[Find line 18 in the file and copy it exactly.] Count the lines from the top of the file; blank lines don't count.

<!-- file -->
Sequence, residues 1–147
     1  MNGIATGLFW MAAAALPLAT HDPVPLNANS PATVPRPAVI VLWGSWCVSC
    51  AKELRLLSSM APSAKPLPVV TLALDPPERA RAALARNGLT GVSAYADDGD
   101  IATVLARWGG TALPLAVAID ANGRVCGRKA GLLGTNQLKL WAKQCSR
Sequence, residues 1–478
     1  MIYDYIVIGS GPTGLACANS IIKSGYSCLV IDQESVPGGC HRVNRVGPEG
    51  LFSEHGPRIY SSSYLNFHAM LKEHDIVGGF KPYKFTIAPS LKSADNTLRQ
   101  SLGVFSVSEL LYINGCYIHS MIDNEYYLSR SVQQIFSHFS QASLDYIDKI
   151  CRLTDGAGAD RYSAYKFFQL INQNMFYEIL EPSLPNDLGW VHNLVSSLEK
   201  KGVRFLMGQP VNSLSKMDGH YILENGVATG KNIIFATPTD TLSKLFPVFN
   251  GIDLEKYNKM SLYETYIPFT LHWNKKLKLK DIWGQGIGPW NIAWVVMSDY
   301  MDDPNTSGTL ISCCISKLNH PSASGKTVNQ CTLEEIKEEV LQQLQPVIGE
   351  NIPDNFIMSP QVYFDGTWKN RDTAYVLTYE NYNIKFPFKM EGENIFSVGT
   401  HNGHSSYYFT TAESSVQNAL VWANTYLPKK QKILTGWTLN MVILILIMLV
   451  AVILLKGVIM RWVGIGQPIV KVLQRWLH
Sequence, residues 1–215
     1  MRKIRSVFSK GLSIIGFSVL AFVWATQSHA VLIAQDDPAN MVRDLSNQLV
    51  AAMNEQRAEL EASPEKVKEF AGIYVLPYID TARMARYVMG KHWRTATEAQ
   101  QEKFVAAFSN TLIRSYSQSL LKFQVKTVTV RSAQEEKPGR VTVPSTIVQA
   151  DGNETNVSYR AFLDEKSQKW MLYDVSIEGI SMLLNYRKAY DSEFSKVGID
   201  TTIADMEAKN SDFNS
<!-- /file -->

    51  AAMNEQRAEL EASPEKVKEF AGIYVLPYID TARMARYVMG KHWRTATEAQ